Boulder culinary students gather in Broomfield to compete and show off their skills

Aug. 9—Farm fresh peaches, microgreens, beets and other local foods decorated a set of three tables at the Broomfield Farmers Market on Tuesday where culinary students from Boulder raced against the clock to prepare a set of dishes for a discerning panel of judges.

A crowd of onlookers gathered at the tables, eager to watch the student chefs prepare their meals, and maybe even sneak a sample when all was said and done.

The Iron Chef competition gave the teams $60 in "market bucks" to collect ingredients from the market vendors and only one hour to prepare an appetizer and an entree.

The competitors were made up of three teams of two, all of them students at Boulder's Escoffier School of Culinary Arts. The students have been preparing for the event for weeks, visiting the market to get a peek at what they'd have to work with and make a loose plan of what they'd be preparing.

"One team has practiced their dish three times already today, and at least once a day for the last week or so," said Richard Jensen, culinary lead instructor. "They really work through the timing, making sure that dish can be completed within the hour."

Jensen explained that the students have to learn to tackle challenges and think quickly, and that the added pressure of a limited amount of money to spend on ingredients makes for an excellent challenge for the training chefs.

Teammates Emily Rudberg and Gavin Larson prepared a ribeye with a raspberry beet gastrique and Hasselback potatoes alongside a tomato salad with a garlic, shallot and peach vinaigrette.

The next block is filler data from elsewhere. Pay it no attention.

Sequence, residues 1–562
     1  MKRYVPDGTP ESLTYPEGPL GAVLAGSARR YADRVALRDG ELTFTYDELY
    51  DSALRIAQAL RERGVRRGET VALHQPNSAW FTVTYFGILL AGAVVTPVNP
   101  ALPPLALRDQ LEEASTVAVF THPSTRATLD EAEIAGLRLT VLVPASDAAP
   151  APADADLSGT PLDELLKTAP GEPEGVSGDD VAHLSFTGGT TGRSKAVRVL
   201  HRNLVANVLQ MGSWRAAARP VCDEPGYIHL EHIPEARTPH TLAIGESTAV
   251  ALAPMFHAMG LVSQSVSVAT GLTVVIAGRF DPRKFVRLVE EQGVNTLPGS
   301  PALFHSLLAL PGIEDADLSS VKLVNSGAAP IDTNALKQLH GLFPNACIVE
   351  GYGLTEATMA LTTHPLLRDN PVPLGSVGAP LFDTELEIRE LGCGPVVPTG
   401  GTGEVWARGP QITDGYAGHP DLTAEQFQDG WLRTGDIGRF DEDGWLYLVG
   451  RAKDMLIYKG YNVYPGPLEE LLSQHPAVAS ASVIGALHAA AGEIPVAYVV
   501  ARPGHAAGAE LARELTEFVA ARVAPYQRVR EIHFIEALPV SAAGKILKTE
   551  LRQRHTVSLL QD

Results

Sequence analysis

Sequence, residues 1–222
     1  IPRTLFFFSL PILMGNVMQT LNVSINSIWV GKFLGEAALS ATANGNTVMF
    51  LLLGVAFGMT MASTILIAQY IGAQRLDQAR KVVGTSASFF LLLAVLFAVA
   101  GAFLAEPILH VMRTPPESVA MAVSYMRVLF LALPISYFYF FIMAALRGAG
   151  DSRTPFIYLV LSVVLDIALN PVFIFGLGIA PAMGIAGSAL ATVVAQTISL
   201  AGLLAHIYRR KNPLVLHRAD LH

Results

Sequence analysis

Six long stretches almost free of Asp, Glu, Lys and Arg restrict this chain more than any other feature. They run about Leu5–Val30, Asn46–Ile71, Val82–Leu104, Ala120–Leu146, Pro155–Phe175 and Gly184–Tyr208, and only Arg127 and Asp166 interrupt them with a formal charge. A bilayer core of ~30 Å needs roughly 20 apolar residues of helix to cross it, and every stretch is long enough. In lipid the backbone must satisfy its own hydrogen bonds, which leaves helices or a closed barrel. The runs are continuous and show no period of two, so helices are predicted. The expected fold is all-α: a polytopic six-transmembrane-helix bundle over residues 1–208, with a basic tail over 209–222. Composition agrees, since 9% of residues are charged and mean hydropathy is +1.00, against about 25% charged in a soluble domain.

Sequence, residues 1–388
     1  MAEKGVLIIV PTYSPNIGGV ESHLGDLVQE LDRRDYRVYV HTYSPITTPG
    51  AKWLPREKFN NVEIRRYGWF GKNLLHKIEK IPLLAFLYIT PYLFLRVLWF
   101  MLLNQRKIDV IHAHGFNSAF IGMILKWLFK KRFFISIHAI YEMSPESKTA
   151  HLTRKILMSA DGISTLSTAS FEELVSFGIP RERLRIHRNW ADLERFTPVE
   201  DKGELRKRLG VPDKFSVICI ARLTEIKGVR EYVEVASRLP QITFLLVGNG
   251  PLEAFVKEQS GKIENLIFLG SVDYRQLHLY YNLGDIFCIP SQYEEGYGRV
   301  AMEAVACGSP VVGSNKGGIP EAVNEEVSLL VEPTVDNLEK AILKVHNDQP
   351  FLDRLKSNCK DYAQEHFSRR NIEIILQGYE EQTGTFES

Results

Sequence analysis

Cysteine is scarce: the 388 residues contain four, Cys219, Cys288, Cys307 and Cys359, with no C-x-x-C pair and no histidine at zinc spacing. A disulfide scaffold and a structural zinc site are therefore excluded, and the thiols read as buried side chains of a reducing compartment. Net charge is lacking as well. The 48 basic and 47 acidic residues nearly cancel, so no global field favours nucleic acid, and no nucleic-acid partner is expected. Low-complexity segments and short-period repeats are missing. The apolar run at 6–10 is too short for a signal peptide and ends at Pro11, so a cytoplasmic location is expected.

"I got into the restaurant industry right after high school," Larson said. "My parents were pushing me to go into the military but I knew it wasn't what I wanted. Now that I'm here, I'm so happy. We have a great team and we all love to cook."

The next team was Arlo Arnold and Jonathan Roytbak, who prepared stuffed yellow squash and zucchini with a sausage ragu that included shallots, bone broth and red wine.

"During COVID I got into some trouble, and that's how I found my way into the kitchens," Roytbak said. "After graduating from Florida State University, I really didn't want a desk job. I can't sit still at a desk in one place for hours, and that's how I decided to go to culinary school."

The final team was Xavier Sanchez and Chris Diaz, who prepared a New York strip with a shallot and garlic balsamic reduction, alongside a roasted peach salad with a peach vinaigrette and finished with some trail mix.

When the hour time limit was reached, all three teams presented their creations to a panel of judges including a food tour guide, the cofounder of the Broomfield pizza restaurant iPie and a representative of the Colorado Department of Agriculture.

After a tense few minutes of eating and deliberation, Rudberg and Larson's ribeye and tomato salad took home the victory.

The judges sent Rudberg and Larson home with $90 worth of gift cards, and emphasized that all three teams did an excellent job. If the crowd's excitement and enjoyment of the samples were anything to go by, all the student chefs made incredible and creative dishes in the face of a myriad of challenges.